Indigenous author slams Ontario school board’s ‘outrageous’ decision to pull his book from libraries

‘DDSB board meeting was a farce rife with platitudes and political non-answers. We still don’t know why The Great Bear was pulled or what in it could possibly harm Indigenous students’

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An award-winning Indigenous author has decried an Ontario school district’s “outrageous” decision to remove his book from library shelves as part of a review process, saying he still has no idea why it happened, and condemned a recent board meeting as a “farce rife with platitudes and political non-answers”

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On Tuesday, trustees for the Durham District School Board (DDSB) passed a motion asking district staff to explain, by June 1, the removal of books and the criteria for doing so, and to list themes that could trigger the removal or review of books .

“We need more information. We need to know what books are being removed and why they are being removed,” said board chair Carolyn Morton in an interview Wednesday.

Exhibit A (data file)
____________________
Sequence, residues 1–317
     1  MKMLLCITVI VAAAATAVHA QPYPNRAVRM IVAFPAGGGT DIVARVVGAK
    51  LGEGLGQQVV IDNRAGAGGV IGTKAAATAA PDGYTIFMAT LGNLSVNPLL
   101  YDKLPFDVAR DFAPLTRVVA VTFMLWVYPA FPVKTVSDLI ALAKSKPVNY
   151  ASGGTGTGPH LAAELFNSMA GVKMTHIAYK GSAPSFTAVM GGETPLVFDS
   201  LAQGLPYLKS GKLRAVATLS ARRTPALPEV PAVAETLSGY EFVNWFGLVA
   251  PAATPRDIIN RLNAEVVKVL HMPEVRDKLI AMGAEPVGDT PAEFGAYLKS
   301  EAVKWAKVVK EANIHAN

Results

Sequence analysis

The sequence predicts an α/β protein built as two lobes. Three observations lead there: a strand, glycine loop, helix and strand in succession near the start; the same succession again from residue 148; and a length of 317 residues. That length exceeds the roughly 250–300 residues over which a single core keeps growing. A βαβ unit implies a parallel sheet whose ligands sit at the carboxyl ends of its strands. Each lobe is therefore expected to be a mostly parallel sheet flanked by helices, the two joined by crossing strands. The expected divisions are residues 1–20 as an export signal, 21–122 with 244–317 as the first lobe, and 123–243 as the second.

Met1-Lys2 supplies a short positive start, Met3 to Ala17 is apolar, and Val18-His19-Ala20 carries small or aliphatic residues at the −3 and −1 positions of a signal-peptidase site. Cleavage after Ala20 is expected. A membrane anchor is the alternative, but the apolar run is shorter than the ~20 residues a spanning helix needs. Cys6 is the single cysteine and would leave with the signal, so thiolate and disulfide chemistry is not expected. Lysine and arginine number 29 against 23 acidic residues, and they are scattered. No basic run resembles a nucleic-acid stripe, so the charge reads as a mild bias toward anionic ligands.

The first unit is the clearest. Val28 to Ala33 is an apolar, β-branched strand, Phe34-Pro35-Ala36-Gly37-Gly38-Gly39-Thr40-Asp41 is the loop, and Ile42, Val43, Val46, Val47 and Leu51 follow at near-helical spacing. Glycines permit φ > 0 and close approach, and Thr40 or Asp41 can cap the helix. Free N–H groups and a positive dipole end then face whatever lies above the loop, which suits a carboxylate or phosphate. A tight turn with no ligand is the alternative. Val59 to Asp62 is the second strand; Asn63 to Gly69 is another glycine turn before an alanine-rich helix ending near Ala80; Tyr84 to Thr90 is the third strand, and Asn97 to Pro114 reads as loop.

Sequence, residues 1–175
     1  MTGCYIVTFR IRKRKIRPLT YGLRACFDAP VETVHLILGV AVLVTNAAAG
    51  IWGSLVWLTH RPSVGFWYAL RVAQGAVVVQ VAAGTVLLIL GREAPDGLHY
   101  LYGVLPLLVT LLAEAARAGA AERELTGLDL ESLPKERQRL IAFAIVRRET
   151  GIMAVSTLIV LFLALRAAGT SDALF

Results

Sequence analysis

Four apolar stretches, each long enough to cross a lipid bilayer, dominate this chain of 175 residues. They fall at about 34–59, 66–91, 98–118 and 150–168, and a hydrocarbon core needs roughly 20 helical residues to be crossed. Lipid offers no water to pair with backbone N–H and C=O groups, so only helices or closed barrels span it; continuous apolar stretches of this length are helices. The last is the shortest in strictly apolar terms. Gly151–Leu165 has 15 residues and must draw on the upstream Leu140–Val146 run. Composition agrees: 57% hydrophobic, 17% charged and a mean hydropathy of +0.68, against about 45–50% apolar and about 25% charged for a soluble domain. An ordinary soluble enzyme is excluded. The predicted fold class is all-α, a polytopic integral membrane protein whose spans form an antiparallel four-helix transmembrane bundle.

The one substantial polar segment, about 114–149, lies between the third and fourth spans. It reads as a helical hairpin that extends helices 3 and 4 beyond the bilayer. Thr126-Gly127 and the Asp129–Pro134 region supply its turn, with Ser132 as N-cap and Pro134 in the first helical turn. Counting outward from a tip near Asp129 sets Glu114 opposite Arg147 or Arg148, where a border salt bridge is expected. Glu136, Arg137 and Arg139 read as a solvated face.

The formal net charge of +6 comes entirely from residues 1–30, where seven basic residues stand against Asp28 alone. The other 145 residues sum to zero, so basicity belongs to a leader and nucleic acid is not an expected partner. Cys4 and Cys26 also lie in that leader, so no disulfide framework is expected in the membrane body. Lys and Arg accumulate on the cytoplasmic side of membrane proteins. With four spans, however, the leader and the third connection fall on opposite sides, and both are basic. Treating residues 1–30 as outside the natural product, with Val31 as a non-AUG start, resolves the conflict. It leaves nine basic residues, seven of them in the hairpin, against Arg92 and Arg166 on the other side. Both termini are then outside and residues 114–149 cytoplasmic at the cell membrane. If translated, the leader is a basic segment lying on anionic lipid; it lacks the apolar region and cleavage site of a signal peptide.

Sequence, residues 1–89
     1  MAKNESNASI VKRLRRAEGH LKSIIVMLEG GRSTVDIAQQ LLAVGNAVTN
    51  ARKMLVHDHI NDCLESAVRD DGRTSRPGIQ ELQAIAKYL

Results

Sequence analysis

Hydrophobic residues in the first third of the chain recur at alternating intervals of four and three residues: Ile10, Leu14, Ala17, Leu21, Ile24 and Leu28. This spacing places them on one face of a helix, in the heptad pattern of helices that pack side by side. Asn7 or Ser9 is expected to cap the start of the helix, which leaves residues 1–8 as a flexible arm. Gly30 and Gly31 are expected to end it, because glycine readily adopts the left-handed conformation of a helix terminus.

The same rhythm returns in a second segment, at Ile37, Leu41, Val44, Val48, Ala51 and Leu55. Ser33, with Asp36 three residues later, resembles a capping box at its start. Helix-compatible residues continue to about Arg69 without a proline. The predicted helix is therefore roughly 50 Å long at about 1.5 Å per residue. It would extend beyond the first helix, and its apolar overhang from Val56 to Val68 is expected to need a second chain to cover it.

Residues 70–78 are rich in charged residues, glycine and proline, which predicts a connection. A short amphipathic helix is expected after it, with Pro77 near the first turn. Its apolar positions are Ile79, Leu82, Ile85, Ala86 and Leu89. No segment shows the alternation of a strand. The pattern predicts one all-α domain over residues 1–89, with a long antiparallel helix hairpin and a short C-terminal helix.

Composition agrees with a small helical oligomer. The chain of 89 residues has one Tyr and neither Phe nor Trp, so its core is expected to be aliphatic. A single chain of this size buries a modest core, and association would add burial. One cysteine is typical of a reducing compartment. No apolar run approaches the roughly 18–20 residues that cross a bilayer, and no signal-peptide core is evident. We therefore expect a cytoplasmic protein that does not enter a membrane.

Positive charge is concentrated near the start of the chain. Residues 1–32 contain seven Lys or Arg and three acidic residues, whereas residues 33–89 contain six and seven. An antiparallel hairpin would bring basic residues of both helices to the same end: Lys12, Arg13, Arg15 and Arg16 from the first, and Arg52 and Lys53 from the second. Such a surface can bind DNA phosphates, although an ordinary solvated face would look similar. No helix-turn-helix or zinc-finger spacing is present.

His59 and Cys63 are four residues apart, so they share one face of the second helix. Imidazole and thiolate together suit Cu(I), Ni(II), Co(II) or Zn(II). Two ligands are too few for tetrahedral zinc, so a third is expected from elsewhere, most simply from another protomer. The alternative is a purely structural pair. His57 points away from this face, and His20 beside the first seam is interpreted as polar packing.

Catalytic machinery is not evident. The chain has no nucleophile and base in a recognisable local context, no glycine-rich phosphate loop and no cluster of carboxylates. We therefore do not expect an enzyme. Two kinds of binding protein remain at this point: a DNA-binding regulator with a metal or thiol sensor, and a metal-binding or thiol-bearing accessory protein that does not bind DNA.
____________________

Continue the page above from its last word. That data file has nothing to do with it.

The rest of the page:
The move came following the news that one book by David A. Robertson, a two-time winner of the Governor-General’s Literary Award, was up for review by the school board and had been removed from school shelves. Robertson, a member of the Norway House Cree Nation in Manitoba, has said that the district should have at least left his book on the shelves while they conducted their review. Pulling it amounted to “censorship.”

“DDSB board meeting was a farce rife with platitudes and political non-answers. We still don’t know why The Great Bear was pulled or what in it could possibly harm Indigenous students. I saw tonight exactly what I’ve been hearing from DDSB teachers all week. Fear and frustration,” he wrote on Twitter Tuesday.